XM Radio Portable Device Seeks to Upset Apple Cart.
XM satellite radio has
MyFi, a completely portable version of the service which, until
now, was marketed for cars and the stay-at-home market in a cariet of formats. [Correction made; thanks to comment.]
MyFi is designed to compete with iPods and other MP3 portables. To cast the battle in larger terms, MyFi competes with
downloading, ripping/burning, local storage of files—the major artifacts of the digital music revolution.
”For people who want to aggressively find, download and own music and spend a lot of time doing that, iPods,
Rios and the others are interesting devices to them,” said XM Chief Executive Hugh Panero.
“Ours is more of a mass-market product for people who want to drink from the fountain of entertainment … rather than
spend all that time searching and downloading,” he said.
The outlook seems dubious, especially considering the economics of adoption. The device costs 350 dollars, then
users must pay 10 dollars a month to subscribe. This, during an era in which:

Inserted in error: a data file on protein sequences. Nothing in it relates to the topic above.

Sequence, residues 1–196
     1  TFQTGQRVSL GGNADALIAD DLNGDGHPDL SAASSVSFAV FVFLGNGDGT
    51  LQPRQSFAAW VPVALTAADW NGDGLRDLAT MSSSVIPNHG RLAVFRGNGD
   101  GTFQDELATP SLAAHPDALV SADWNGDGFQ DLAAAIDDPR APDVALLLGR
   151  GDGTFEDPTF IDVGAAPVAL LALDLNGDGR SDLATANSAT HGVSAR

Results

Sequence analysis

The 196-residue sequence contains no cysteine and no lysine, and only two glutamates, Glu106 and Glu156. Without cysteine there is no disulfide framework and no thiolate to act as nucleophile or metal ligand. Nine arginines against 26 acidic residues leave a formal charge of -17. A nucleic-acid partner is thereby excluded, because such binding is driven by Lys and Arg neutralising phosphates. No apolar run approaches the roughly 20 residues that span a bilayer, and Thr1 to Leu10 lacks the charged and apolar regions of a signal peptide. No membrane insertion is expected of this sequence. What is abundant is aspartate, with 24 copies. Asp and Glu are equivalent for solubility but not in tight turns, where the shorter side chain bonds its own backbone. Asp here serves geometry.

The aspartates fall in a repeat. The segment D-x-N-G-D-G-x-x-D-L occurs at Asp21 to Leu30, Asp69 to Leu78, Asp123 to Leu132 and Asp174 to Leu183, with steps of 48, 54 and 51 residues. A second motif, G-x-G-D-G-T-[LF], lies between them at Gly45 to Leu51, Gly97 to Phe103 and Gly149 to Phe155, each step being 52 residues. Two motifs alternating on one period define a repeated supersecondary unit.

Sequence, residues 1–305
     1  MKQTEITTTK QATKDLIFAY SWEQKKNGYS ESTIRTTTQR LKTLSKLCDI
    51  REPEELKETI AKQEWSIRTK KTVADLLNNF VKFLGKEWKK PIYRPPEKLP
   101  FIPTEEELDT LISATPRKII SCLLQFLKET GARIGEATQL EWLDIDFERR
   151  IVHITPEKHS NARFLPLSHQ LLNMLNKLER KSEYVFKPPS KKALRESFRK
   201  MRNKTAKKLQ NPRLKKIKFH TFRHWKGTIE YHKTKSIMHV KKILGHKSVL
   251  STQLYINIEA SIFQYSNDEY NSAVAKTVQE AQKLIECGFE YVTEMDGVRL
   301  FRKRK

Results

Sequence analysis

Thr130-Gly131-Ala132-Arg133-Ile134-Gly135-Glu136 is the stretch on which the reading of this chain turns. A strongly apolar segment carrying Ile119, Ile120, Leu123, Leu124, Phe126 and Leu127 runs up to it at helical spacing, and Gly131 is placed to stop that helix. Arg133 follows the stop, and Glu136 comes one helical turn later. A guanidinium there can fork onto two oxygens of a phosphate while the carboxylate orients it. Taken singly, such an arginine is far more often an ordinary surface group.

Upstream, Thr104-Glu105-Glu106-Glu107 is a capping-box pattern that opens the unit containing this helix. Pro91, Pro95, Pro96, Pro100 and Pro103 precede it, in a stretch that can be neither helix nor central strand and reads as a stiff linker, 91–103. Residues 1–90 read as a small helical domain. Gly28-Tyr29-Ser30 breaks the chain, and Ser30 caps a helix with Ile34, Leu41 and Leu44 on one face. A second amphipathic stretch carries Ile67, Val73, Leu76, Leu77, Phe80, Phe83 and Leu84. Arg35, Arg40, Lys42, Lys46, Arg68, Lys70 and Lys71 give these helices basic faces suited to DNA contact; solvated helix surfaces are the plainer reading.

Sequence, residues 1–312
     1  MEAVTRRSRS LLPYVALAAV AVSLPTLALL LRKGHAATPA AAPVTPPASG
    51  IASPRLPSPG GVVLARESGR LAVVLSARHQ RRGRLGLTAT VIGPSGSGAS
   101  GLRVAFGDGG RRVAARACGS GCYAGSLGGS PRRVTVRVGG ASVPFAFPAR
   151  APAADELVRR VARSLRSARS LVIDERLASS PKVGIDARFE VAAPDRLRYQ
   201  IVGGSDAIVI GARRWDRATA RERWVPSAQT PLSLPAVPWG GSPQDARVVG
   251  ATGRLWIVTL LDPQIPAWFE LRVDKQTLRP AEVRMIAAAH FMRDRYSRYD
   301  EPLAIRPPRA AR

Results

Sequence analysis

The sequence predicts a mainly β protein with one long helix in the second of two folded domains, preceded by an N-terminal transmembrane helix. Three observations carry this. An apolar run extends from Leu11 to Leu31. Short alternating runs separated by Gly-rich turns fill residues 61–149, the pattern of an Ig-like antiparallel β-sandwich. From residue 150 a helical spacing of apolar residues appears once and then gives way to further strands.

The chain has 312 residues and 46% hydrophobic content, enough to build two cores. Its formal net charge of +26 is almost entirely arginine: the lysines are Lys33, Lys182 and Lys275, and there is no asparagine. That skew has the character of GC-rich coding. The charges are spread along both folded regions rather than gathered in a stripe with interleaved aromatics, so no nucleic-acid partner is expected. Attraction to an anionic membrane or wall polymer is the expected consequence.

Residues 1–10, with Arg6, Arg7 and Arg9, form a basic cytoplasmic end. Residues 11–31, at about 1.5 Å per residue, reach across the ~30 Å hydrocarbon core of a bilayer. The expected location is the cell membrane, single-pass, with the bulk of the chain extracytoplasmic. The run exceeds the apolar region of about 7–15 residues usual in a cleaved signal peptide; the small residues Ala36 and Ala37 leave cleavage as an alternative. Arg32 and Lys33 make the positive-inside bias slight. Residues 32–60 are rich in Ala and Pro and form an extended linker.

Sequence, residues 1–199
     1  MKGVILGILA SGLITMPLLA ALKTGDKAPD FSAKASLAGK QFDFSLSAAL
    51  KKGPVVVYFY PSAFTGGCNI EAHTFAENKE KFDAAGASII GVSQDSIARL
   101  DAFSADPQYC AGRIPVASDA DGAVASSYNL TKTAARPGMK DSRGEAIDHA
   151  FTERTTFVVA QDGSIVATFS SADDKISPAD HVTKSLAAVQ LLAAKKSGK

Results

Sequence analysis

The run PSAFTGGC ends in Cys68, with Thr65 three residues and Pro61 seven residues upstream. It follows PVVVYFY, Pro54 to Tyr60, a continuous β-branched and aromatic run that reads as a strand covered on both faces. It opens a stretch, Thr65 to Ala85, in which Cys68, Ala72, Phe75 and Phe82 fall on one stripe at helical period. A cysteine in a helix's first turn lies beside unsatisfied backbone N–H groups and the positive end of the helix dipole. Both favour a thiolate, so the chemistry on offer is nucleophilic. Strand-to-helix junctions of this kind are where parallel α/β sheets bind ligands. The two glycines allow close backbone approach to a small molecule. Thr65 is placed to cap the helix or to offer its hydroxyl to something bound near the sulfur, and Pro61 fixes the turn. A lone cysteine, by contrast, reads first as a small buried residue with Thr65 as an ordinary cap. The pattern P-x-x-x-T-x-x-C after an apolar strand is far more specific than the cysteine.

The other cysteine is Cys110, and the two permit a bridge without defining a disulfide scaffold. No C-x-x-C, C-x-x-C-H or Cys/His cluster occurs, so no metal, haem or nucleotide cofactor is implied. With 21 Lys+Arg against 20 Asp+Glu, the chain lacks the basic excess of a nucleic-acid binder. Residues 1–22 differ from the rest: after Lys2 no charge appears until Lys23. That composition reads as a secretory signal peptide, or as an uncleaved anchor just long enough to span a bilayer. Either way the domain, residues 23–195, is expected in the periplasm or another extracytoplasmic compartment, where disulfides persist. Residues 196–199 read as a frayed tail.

- Consumers have demonstrated a distinct reluctance to subscribe to music services through their computers, which
don’t require a new cash layout for equipment; and
- Non-interactive music streaming is free over a computer; and
- Traditional broadcast radio is free.
So, XM is guessing consumers will value portability of NON-interactive streams (that is, pushed streams where the
listener has no choice of content), and their wondrously excellent programs, to such a degree that they will dish out
cash for a new device, then go against their instincts by subscribing to souped-up radio. I’m guessing they won’t. At
least, not now. Five years from now, I expect music-by-subscription to be much more accepted than it is now. By then,
all those iTunes Music Store collections will have blown up in users’ faces when they want to migrate to a non-iPod
player, and local storage will have lost its lustre. Of course, by then, perhaps wireless broadband will have
penetrated, and these satellite systems have been choked by ubiquitous, cheap connectivity. Either way, I’m not buying
the XM MyFi proposition.
[The Digital Music Weblog]